ANAYA ARTS, TUNKAS FASHION AND THE GROWING RETAIL AMBITIONS OF BLACK OTTAWA

Anaya Arts and Tunkas Fashion bring African craftsmanship to a Ottawa malls for the holidays

If you take a walk through Ottawa malls, you will notice a number of brands from Toronto, Montreal, Vancouver and across the world, but very few local brands. Well, that recently changed thanks to two brave local entrepreneurs. What sets them apart is not only the fact that they’re both Black women, but they both come from Africa, with its long history of entrepreneurship and craftsmanship (despite what you tend to see on TV).

Back in October, Anaya Arts founder and creative director, Fiona Khaemba, took to social media to announce the opening of her new Bayshore Shopping Centre store. Anaya’s west end outpost features a slightly airy yet cozy design, selling everything from Anaya’s signature hoodies and bags to prints. The store also features a large wall visitors can sign to let fellow shoppers know they were there.

Then weeks later, the Kenyan entrepreneur took to social media to hint at a second Ottawa area location in time for the holidays, but this time she would be heading downtown to CF Rideau Centre. Opening two stores mid-pandemic. when many other retailers are closing stores, may seem overly ambitious, but for Khaemba it was worth the reward.

“Opening one store was ambitious. Opening a second store a few weeks later was crazy. But no risks, no reward”, she told SHIFTER. “Bayshore mall gave us the knowledge and tools to aim higher and go bigger. We had our eyes on the Rideau Centre location, traffic and audience for a while. No regrets. Both locations have welcomed us with open arms and we’re forever grateful. We’re ready for more in 2022.”

For Khaemba, the move was not only about having faith in God or herself, but in the people around her.

“My biggest lesson was getting help. For the first year and a half, I was doing it completely by myself. It was my baby; I wanted to control everything. But I have learned to delegate and relinquish control and ask for help. It takes a village and opening this store literally took a village.”

 

Meanwhile another bold entrepreneur would open a mid-pandemic store of her own at Bayshore mall. After stops in Toronto, Billings Bridge, and Les Promenades Gatineau, Princess Tunka brought her dress and gown boutique Tunkas Fashion to the west end mall.

A native of Liberia in West Africa, Tunka moved to the capital because of her husband’s job, but fashion was something she was exposed to her whole life.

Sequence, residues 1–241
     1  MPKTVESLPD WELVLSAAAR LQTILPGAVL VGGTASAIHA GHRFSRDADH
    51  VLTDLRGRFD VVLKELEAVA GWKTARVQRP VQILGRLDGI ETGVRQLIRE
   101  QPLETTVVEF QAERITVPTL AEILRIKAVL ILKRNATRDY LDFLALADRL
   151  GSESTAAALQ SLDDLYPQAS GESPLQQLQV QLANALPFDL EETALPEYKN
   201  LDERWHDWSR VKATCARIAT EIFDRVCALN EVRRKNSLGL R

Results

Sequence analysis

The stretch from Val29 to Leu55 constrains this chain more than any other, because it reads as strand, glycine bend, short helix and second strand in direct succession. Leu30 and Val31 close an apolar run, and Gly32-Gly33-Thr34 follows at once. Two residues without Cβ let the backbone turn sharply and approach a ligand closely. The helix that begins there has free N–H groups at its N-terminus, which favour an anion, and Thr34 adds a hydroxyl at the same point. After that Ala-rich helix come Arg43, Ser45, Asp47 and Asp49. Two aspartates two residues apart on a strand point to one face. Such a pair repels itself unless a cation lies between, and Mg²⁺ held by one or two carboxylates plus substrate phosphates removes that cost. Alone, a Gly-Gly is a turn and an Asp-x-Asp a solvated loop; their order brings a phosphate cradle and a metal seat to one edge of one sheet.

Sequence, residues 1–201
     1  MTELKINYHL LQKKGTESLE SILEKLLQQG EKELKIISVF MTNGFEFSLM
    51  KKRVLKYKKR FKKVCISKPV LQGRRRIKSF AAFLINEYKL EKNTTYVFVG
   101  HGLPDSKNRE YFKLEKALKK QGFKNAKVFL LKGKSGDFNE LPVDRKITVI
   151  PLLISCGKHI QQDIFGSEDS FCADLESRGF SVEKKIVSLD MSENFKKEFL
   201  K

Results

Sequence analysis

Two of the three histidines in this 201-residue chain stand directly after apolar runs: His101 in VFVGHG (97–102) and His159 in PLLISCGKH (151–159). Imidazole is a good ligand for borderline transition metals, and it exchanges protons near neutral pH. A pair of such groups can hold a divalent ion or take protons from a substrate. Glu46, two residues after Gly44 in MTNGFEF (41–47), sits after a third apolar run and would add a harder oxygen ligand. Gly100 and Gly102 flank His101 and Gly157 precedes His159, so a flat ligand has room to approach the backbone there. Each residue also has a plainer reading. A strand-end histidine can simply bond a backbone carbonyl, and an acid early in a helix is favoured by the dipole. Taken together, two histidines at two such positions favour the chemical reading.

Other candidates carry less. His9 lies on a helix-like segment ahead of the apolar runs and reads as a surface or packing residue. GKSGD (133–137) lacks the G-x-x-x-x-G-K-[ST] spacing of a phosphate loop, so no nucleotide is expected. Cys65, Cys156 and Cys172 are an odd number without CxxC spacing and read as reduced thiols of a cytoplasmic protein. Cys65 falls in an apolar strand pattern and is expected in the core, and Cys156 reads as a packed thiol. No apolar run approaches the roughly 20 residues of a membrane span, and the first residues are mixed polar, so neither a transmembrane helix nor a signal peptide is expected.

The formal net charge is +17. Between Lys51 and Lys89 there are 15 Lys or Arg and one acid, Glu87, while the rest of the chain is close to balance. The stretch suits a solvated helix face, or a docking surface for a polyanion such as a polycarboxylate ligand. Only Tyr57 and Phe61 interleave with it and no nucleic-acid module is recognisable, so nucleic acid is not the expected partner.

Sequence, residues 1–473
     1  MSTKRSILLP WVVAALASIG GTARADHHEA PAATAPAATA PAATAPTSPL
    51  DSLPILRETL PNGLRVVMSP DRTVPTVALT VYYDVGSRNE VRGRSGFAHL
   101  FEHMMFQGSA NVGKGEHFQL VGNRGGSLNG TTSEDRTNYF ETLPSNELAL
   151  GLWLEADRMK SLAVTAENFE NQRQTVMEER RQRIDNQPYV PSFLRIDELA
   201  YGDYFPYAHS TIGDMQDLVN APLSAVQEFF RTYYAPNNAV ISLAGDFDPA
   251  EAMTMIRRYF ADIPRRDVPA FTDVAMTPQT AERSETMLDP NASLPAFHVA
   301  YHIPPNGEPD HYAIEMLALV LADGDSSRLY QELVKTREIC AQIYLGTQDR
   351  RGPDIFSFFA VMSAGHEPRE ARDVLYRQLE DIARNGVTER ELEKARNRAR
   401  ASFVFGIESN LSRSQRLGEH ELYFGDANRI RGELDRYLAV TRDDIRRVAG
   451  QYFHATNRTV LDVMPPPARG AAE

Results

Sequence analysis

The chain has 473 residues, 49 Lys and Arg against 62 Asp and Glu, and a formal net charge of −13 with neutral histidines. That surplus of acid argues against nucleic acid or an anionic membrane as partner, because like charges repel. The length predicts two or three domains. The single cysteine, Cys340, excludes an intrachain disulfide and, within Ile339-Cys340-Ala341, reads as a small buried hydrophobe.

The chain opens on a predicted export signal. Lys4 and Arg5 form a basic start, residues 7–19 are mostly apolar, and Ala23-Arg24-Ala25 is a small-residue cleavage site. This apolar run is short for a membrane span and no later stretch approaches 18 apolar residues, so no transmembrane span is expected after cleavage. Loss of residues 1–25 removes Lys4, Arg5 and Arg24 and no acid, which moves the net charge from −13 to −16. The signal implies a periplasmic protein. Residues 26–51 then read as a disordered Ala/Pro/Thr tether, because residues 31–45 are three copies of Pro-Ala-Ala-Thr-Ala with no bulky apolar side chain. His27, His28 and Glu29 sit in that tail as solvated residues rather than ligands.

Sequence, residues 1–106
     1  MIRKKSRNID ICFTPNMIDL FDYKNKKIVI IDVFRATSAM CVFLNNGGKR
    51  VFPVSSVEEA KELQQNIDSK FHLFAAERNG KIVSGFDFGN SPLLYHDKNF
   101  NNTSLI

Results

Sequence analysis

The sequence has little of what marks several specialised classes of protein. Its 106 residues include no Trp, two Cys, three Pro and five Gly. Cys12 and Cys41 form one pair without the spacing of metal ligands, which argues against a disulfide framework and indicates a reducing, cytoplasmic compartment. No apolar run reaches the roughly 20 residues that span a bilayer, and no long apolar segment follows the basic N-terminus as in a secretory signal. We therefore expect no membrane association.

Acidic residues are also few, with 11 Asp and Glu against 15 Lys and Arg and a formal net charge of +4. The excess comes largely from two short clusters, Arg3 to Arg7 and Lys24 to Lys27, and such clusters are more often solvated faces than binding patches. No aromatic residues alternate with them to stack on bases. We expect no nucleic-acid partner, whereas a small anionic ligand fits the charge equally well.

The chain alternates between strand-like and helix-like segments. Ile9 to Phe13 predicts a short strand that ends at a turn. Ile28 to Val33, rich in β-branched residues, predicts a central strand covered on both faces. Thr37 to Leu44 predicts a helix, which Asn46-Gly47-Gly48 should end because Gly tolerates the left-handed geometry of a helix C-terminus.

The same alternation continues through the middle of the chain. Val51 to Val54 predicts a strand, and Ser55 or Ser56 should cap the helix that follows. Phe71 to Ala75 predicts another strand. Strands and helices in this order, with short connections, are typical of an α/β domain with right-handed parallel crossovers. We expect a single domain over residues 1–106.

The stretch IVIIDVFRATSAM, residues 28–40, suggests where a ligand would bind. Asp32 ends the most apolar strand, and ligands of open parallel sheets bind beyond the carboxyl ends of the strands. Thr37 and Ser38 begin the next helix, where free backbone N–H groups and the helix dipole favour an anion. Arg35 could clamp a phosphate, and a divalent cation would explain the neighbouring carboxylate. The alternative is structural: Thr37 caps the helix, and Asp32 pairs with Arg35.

“I grew up in the fashion industry. My mother was teaching as a designer while I was growing up”, she explains. “When I came to Canada, I wanted to be an actress and film director, so I got into acting classes in Mississauga. I then found myself involved more with making the students’ costumes for films. I fell in love with everything about it and the next thing I know, I had a studio at my house and I was custom making dresses.”

The rising influence of immigrant entrepreneurs

With its focus on tech and big business, the importance of immigrant entrepreneurship and small business seem to be lost on some Ottawa business leaders, but Fiona Khaemba and Princess Tunka are a part of a growing trend in immigrant entrepreneurship globally, including here in Canada.

Princess Tunka and family at their Bayshore mall location (Credit: Kevin Bourne/SHIFTER)

According to a 2012 study, immigrants were more likely to found businesses than members of the native population.

Here in Canada, Statistics Canada found that “80 per cent of immigrant owners of private companies were still owners two years after starting their business”.

The same report found that 58 per cent of these owners still had their businesses seven years later; similar to Canadian-born business owners. Immigrant run businesses in Sweden, Norway, Germany and the U.S. had a shorter survival time. The same article also states that firms owned by immigrants accounted for a “disproportionate share of net job creation” between 2003 and 2013.

Fiona Khaemba and Princess Tunka aren’t just a flash in the pan, but an example of the legacy of African entrepreneurship and craftsmanship, and perhaps even the growing retail and fashion ambitions of Black Ottawa.


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